Release Schedules:

  • Typically only 2 Service packs per version;
  • One major release and one minor release ~6 months;
  • Weekly bug fixes

Adoption

Unfortunately, some of the exciting references here are covered under NDA, but suffice it to say that adoption is *the* key driver of CS’s continued success; Telligent counts some impressive names as loyal, happy customers. CS positions itself not as a build/buy decision, but as a hybrid; a platform designed to be extended by internal teams and worldwide-partners alike; a layer in your solution stack to address social community features. And, not surprisingly, this niche that they’ve carved out for themselves is curiously absent in both SiteCore and SharePoint. Whether convergence along these lines ultimately sees CS absorbed into an established .NET-based WCM leader or whether the leaders evolve their own social layer remains to be seen; my bet’s on the former.

Partners

FourRoads, perhaps the premier partner in Telligent’s network, provides a number of add-ons to the platform: CS Publisher for WCM; Commerce for E-Commerce; and Nexus, a connector for FaceBook.

Team

Interesting background on Lawrence Liu and Marc Smith [1]:

“On numerous occasions during my time at Microsoft as both the Community Lead and Social Computing Technical Product Manager for SharePoint, I relied on Marc's expertise in refining and validating my ideas and concepts around social media and online communities. Although many people have come to know me as a "community guru," I would gladly admit that it is Marc, who was the "man behind the curtain" and provided me with the sociological research and hard data that backed up much of my hypotheses for why humans have an innate sense of sharing and belonging and how technographic personas such as Asker, Answerer, and Connector can be derived and quantified from specific types of social interactions and metrics. I look forward to working closely with Marc in the coming months to better align and more tightly integrate social analytics into Telligent's overall platform strategy.”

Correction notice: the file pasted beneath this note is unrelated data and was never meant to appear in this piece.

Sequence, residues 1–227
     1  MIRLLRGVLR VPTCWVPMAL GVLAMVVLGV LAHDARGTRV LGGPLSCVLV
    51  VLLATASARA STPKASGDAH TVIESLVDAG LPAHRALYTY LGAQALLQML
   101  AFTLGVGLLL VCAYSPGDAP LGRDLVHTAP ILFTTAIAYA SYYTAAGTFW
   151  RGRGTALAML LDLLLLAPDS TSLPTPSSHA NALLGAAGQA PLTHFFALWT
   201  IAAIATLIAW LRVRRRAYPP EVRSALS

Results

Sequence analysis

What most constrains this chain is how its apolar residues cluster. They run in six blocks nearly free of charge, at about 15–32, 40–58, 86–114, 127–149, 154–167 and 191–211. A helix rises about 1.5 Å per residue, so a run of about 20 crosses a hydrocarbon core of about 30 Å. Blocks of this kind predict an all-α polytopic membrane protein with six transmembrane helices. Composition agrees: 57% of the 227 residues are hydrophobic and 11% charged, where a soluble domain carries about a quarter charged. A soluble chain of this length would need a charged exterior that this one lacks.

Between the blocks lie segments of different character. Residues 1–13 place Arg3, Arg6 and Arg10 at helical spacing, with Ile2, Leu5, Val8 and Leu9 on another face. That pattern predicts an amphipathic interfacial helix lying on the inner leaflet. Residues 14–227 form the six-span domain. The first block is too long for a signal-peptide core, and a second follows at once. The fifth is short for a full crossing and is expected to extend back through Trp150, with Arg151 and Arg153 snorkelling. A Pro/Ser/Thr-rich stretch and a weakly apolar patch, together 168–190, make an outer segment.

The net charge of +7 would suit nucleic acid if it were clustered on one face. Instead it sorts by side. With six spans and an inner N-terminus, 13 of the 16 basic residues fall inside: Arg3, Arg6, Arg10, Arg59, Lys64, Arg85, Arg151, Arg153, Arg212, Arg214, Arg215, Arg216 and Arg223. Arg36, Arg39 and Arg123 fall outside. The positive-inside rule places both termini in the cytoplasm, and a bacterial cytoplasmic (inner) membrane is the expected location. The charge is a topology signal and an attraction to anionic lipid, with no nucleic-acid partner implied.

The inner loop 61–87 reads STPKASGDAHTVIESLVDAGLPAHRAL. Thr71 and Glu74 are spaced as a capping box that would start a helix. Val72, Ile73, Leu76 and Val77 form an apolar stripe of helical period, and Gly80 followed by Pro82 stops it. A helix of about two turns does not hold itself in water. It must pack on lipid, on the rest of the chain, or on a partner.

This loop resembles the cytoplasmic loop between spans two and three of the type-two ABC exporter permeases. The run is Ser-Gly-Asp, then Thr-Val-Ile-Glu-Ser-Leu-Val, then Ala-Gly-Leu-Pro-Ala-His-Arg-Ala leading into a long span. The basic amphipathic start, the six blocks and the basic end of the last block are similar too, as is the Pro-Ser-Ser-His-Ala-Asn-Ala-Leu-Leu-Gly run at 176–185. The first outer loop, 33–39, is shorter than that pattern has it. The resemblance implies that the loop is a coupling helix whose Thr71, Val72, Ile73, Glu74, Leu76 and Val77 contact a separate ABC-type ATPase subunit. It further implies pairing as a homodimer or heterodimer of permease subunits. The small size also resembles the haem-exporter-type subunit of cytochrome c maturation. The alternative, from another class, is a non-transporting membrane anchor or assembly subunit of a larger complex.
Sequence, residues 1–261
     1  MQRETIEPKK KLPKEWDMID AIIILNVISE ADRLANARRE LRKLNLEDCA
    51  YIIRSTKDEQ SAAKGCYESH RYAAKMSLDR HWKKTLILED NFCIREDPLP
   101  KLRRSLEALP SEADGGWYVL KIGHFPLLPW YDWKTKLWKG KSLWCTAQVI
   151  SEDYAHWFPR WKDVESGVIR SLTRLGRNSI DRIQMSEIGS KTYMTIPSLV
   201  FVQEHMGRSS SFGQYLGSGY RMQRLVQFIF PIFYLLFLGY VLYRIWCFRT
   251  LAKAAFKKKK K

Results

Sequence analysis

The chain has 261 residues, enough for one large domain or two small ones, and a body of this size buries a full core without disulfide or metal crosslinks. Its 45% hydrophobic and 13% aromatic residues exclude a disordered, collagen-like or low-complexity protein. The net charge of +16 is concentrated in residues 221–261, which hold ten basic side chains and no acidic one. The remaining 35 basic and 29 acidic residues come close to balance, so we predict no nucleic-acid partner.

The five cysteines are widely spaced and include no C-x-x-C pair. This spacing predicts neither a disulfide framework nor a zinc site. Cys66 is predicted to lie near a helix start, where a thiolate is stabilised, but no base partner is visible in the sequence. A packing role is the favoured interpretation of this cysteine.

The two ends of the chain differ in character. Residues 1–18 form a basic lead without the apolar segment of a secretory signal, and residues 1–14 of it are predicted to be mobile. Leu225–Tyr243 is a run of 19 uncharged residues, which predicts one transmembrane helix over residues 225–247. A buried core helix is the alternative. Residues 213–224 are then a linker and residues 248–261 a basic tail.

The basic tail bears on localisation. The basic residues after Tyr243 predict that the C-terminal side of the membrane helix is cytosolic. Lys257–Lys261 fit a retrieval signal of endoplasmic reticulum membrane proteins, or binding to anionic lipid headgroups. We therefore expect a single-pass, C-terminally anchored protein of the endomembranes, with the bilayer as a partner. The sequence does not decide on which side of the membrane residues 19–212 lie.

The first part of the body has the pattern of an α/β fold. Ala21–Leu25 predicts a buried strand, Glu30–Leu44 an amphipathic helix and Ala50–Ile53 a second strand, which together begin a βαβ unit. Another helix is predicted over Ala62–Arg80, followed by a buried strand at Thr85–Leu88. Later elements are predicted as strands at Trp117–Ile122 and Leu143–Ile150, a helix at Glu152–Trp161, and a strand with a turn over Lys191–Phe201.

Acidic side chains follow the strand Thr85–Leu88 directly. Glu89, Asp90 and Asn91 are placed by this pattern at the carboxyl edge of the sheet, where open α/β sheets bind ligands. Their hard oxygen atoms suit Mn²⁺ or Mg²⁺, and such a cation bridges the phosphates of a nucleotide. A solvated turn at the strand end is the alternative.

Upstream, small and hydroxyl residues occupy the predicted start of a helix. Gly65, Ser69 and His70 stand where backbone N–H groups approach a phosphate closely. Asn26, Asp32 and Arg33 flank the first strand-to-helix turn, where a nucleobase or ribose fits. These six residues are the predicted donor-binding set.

[1] – CPU-based Licensing: http://searchdatacenter.techtarget.com/news/article/0,289142,sid80_gci1249814,00.html http://www.microsoft.com/licensing/highlights/multicore.mspx

[2] – Four Roads Product Catalogue: http://www.4-roads.com/shops/products/default.aspx

[3] – Disabling a CPUs:

/NUMPROC specifies the number of CPUs that can be used on a multiprocessor system. Example: /NUMPROC=2 on a four-way system will prevent Windows from using two of the four processors.

http://www.google.ca/search?hl=en&q=windows+numproc+boot.ini&meta= http://forum.onmac.net/showthread.php?t=989

[4] - Telligent announces release of social analytics tool and hiring of Chief Social Scientist http://communityzenmaster.com/blogs/lliu/archive/2008/11/11/telligent-announces-release-of-social-analytics-tool-and-hiring-of-chief-social-scientist.aspx